Retinal Detachment

I was recently treated for a retinal detachment, and I still have a small gas bubble. Can I dive this weekend?

A retinal detachment is very serious and should be treated urgently due to the risk of permanent vision loss in the affected eye. It occurs when the retina at the back of the eye separates from its normal position, which can occur spontaneously or as the result of an injury. Symptoms can include sudden floaters, flashes of light, blurred vision, a reduction of peripheral vision and a shadow over the field of vision.

Surgery is required to repair a detached retina, but the type of surgery depends largely on how severe the detachment is and what method your surgeon feels is best for you. Pneumatic retinopexy involves injecting a bubble of gas into the fluid (vitreous) cavity. The bubble pushes the affected area of the retina against the eye wall, preventing fluid from collecting in the space behind the retina. The surgeon then repairs the detachment by freezing the area, causing a scar that secures the retina to the eye wall. Another option is a scleral buckle, where the surgeon sews a piece of silicone material over the detachment and secures it to the sclera (white) of your eye. The third option, a vitrectomy, is removal of the vitreous and any other tissue pulling on the retina from the vitreous space. The surgeon replaces the fluid and tissue by injecting a gas bubble or silicone oil into the vitreous space, flattening the retina.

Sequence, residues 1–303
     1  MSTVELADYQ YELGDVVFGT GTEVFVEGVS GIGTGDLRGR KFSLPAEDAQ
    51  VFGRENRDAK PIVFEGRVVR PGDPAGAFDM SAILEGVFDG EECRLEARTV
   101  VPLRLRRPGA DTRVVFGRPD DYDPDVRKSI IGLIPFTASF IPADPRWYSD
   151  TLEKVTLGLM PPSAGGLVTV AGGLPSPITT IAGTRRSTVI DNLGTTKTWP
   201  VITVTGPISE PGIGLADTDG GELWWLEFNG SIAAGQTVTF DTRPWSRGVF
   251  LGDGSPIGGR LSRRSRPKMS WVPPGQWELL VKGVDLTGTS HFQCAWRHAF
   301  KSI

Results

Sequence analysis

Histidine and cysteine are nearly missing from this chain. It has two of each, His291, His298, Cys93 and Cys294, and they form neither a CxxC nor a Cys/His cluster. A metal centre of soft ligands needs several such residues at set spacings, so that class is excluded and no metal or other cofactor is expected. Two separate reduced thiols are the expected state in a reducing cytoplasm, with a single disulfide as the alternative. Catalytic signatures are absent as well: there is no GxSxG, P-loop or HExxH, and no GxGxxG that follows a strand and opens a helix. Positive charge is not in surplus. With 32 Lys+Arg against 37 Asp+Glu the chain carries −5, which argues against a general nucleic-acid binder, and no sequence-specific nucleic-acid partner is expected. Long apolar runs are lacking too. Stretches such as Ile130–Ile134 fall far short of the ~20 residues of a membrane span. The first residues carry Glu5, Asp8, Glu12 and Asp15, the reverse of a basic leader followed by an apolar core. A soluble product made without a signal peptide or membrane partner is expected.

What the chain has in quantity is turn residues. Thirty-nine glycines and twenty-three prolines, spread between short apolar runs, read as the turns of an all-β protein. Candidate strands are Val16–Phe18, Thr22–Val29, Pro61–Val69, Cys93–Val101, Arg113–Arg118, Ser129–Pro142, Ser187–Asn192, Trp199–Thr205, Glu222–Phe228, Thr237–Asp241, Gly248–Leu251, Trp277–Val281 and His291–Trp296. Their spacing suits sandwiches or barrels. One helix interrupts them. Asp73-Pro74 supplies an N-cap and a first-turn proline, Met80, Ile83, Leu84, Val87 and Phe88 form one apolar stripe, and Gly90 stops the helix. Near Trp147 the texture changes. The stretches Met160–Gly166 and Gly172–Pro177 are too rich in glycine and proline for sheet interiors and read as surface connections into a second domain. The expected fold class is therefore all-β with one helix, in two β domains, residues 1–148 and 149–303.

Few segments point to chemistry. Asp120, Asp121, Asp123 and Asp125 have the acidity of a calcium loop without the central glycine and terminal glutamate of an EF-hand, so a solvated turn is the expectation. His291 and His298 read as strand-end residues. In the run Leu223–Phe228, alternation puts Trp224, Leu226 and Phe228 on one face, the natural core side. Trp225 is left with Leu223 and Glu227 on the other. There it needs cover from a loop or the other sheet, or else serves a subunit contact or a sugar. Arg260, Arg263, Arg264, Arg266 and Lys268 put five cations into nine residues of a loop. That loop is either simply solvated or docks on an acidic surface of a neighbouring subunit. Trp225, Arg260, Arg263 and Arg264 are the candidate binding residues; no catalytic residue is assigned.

The recommended waiting period after a retinal detachment repair is a minimum of two months regardless of the procedure performed. With pneumatic retinopexy or vitrectomy, additional time may be required to allow all intraocular gas to be reabsorbed. Any presence of a gas bubble will delay your return to diving since any changes in pressure could cause intraocular barotrauma (a pressure injury) resulting in intraocular hemorrhage (bleeding). It is important to always follow the advice of your surgeon.

After surgery, the integrity of the eyeball may be weakened and more susceptible to rupture in the case of direct trauma. You can mitigate this risk by avoiding mask squeeze: Exhale through the nose, and remember to always keep your face mask on your face to prevent injury. AD
 Lana Sorrell, EMT, DMT

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